Bank of England Targets Libor Transition For Loans
The Bank of England is setting up a loans enabler task force as awareness of the transition from Libor remains low outside of large corporations.
The UK central bank published the November minutes of the Working Group on Sterling Risk-Free Reference Rates, led by Barclays’ Tushar Morzaria, on its website last month. The working group is made up of experts from large sterling swap dealers and discusses the development of sterling risk-free reference rates.
After the financial crisis there were a series of scandals regarding banks manipulating their submissions for setting benchmarks across asset classes, which led to a lack of confidence and threatened participation in the related markets. As a result, regulators have increased their supervision of benchmarks and want to move to risk-free reference rates based on transactions, so they are harder to manipulate and more representative of the market. The UK has chosen the sterling overnight index average, Sonia, as its new risk-free rate. The UK Financial Conduct Authority said two years ago that it will not compel panel banks to submit to Libor beyond 2021.
The working group minutes said there was a presentation on initial findings on appropriate use cases for term rates in sterling markets
“This estimates that 90% of Libor lending in sterling by value could be moved to compounded in arrears,” added the minutes.
This share covers all lending to mid-to-large corporates and public-sector institutions while the remaining 10% by value, consisting of smaller corporates and retail clients, could use a range of other options.
“These included Bank Rate, a fixed rate or a Sonia term rate,” said the minutes. “A term rate was also thought to be a cost-efficient solution for legacy Libor loans with a term that extends shortly past end 2021.”
A loans enabler task force is being set up to bring together communications, infrastructure and documentation expertise in order support the working group’s target of ending new issuance of sterling Libor-linked cash products by the third quarter of this year 2020.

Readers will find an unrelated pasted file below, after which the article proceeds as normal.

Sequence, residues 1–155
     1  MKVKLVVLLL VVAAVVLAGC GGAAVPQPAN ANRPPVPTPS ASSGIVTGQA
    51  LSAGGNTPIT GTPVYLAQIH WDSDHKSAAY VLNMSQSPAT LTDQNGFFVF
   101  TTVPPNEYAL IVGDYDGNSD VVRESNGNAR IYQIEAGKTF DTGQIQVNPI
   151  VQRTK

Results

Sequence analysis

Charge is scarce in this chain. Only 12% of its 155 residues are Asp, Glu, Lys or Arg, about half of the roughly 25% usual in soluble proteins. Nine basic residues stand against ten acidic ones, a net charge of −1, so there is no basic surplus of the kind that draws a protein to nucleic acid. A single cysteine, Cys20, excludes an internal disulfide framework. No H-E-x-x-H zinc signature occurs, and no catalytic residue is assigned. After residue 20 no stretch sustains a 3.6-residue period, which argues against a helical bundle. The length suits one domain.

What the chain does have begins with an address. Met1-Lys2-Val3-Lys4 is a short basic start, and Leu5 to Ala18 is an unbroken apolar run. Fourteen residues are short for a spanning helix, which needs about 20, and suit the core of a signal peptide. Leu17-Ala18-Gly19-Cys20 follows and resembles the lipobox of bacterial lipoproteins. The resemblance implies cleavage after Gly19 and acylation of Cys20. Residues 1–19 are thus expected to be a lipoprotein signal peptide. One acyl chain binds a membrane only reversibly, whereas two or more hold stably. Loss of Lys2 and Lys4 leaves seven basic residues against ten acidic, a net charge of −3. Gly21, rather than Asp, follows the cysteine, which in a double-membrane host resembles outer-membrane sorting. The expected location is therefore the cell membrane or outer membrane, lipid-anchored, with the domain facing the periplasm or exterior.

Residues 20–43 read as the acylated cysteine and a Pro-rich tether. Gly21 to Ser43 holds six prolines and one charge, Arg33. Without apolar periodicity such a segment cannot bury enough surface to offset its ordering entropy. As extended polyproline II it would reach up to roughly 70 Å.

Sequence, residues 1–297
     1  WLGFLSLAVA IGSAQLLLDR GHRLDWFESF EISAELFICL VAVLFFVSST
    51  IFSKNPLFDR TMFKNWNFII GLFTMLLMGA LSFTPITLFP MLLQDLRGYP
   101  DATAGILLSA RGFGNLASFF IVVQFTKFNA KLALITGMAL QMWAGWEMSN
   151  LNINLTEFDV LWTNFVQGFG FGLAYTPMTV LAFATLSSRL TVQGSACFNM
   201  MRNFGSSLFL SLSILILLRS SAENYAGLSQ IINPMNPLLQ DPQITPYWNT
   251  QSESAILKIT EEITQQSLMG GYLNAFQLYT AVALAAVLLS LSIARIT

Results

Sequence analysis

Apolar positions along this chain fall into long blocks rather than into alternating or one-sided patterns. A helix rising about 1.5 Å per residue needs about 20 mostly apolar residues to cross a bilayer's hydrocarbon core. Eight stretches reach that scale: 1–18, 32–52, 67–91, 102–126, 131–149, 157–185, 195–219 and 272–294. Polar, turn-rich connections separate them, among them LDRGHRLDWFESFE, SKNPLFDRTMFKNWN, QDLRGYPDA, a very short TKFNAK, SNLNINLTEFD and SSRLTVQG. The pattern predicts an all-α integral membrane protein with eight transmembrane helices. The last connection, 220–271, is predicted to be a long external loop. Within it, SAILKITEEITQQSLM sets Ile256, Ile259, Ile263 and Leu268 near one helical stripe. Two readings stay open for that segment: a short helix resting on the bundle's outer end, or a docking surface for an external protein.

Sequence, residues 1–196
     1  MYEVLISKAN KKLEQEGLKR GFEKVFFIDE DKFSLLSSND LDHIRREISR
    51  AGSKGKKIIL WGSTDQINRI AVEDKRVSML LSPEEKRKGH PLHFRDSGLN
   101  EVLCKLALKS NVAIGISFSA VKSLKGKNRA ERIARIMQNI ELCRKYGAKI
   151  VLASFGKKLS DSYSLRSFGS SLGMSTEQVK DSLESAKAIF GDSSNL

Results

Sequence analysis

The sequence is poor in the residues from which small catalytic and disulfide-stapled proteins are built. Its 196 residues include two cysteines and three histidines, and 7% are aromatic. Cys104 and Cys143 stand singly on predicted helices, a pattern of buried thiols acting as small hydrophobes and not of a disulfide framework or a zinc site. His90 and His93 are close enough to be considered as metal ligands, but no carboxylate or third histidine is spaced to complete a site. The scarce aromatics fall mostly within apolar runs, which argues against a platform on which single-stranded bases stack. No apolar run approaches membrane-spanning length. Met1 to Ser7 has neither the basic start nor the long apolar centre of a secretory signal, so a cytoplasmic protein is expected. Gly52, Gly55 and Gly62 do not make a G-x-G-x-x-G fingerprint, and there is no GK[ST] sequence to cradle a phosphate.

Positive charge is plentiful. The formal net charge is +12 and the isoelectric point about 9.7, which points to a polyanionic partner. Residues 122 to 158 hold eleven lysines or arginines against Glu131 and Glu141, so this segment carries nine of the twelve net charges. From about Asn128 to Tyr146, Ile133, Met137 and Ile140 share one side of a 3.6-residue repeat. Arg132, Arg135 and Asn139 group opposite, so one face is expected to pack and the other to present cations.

“It was noted that awareness of Libor transition remained low outside of large corporations,” added the minutes. “Significant effort would be needed to educate these users due to the large numbers of smaller borrowers.”
Some progress has been made in the loan markets with the first conversion of a loan from Libor to Sonia between NatWest and South West Water.
In the bond market, Associated British Ports successfully converted a floating rate bond from Libor to Sonia in June via consent solicitation and the FCA has supported market participants in identifying candidates for further conversions.
“The results have been encouraging, with over £4bn ($5.2bn)of sterling securities now converted to Sonia,” said the minutes. “Lessons learned in this process will be shared with the bond market sub-group and included in the working group’s planned paper on legacy sterling cash products.”
The Bank of England and the FCA have also jointly sent letters to large liquidity providers to confirm commitments to streaming executable prices in overnight indexed swap markets.
“From February 2020, market making firms had committed to stream executable quotes for 1, 3 and 6 month Sonia OIS, supporting the beginning of a testing period for forward-looking term rates using these quotes,” added the minutes. “The timing for live production of these rates would be kept under review and was initially expected to commence around the third quarter of 2020. The potential administrators and the platforms had been informed of these developments and the letter would be made available publicly.”
FSB progress report
The Financial Stability Board has also highlighted that good progress on the transition from Libor has been made in many derivatives and securities markets, but progress in lending markets has been slower, and needs to accelerate.
The FSB last month published its annual progress report on the move to new risk-free reference rates and said the continued reliance on Libor poses risks to financial stability.
— The FSB (@FinStbBoard) December 18, 2019
The report called for significant and sustained efforts by the official sector and by financial and non-financial firms across the globe to transition away from Libor by the end of next year. The FSB continued that given the degree of risk arising from the continued reliance on Libor, regulated firms should expect increasing scrutiny of their transition efforts as the end of 2021 approaches.
Andrew Bailey and John Williams, co-chairs of the FSB Official Sector Steering Group, said in a statement: “It is essential that both firms and national authorities around the world take steps now to ensure a smooth transition. As a matter of priority, authorities should discuss with financial institutions, and financial institutions with their clients, the transition process and agree on the steps needed.”
The FSB announced last month that it will conduct a survey of exposures to Libor and supervisory measures being taken to address benchmark transition issues as part of its 2020 work programme. The regulator will then deliver a report to G20 finance ministers and central bank governors in July this year.
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